Updated from 9:12 a.m. EDTJohnson & Johnson ( JNJ) said Tuesday that its second-quarter sales rose 4.7% from a year ago, and the health care giant offered optimistic comments about the rest of 2006. The New Brunswick, N.J., company had quarterly sales of $13.4 billion, up from $12.8 billion a year ago. Domestic sales rose 4.4%, and international sales increased 5.1%. J&J earned $2.8 billion and 95 cents a share for the quarter, including a charge of $87 million associated with the acquisition of Vascular Control Systems. Before the charge, the company would have earned 98 cents a share, a penny ahead of estimates. Analysts surveyed by Thomson Financial were also calling for sales of $13.3 billion. Last year's profits totaled $2.6 billion, or 86 cents a share. The second quarter of 2005 had charges of $353 million for the acquisitions of Peninsula Pharmaceuticals, Closure Medical and TransForm Pharmaceuticals and a gain of $225 million for a tax adjustment. "Our second-quarter results demonstrated improving performance which is anticipated to continue throughout the remainder of the year," said William Weldon, J&J's chairman and CEO. "We have made a number of business-building investments and have received several significant regulatory product approvals. These investments and approvals will help us both sustain important leadership positions, as well as enter new high-growth markets characterized by unmet medical need." J&J's shares were recently falling 73 cents, or 1.2%, to $60.18. Sales of medical devices and diagnostics grew 6.2% to $5.2 billion for the second quarter. Pharmaceutical sales advanced 3.2% to $5.8 billion, driven by strong growth from the antipsychotic Risperdal, the inflammatory-disease drug Remicade, the epilepsy and migraine treatment Topamax and the attention-deficit hyperactivity disorder drug Concerta. Detracting from the results were the effects of patent losses on some of J&J's products, including its Duragesic pain-relieving patch.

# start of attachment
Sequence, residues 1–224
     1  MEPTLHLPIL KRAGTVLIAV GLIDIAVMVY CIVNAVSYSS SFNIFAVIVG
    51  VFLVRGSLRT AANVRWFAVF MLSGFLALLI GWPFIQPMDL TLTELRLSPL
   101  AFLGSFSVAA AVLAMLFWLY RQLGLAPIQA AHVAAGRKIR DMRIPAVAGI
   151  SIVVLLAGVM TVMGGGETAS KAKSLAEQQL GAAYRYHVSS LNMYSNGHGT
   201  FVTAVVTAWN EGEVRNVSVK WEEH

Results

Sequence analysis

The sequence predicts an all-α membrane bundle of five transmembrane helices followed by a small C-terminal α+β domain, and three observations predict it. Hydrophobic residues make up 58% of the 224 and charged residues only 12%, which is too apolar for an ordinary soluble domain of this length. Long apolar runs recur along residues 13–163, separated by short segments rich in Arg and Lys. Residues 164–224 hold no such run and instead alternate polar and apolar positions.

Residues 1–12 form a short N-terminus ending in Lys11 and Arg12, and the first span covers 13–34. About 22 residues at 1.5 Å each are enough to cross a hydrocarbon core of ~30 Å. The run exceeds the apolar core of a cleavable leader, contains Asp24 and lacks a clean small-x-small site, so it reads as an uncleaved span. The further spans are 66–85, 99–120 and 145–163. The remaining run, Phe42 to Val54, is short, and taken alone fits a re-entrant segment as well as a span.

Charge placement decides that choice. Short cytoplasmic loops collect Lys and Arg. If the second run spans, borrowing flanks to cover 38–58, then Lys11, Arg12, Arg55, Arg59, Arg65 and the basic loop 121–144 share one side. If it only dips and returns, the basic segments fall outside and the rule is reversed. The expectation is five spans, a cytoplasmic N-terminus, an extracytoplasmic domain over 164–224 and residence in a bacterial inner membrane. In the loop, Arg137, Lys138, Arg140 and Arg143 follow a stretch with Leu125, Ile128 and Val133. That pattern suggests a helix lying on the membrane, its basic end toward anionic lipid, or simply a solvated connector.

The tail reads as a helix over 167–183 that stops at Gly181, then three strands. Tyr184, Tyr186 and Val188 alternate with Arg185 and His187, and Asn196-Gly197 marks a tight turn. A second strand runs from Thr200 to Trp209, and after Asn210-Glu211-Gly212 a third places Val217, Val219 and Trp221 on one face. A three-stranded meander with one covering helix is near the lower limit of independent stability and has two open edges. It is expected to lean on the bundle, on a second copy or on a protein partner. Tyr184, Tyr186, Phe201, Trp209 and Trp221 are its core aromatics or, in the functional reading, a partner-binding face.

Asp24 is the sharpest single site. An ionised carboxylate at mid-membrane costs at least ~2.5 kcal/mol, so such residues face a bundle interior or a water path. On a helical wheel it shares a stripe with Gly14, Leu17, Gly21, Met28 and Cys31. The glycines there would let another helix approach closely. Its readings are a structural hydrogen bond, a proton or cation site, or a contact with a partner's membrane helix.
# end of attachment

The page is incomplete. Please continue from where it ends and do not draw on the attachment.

The company seemed optimistic about its drug pipeline, however, saying it intends to pursue 10 to 14 regulatory filings by the end of 2007, including a new indication for its extended-release version of Paliperidone for bipolar disorder. "We think Paliperidone ER will hit the sweet spot" in the market, said Joseph Scodari, worldwide chairman of J&J's pharmaceuticals group, during the company's earnings conference call. J&J is also developing drugs to treat HIV, hepatitis C, cancer, diabetes and obesity. Additionally, it has entered a number of licensing agreements with other companies, including MGI Pharma ( MOGN), Vertex Pharmaceuticals ( VRTX) and a privately held firm called Metabolex. During the second quarter, J&J's consumer products business brought in $2.4 billion in revenue, up 5.3% from last year. By next year, after a $16.6 billion deal for Pfizer's ( PFE) consumer unit closes, the segment should look considerably different. For starters, J&J's over-the-counter division will double in size as a result of the acquisition. And while J&J's current consumer-products division focuses on skin care and pain relief, the Pfizer segment will add upper-respiratory treatments, the stop-smoking gum Nicorette and the mouthwash Listerine. J&J expects to close the deal by the end of the year. The company reaffirmed its guidance of 6% earnings growth for the year, which amounts to between $3.65 and $3.72 a share. However, J&J executives said they "would not be supportive of estimates beyond $3.70 at this point." Analysts currently expect J&J to earn $3.68 a share for the year.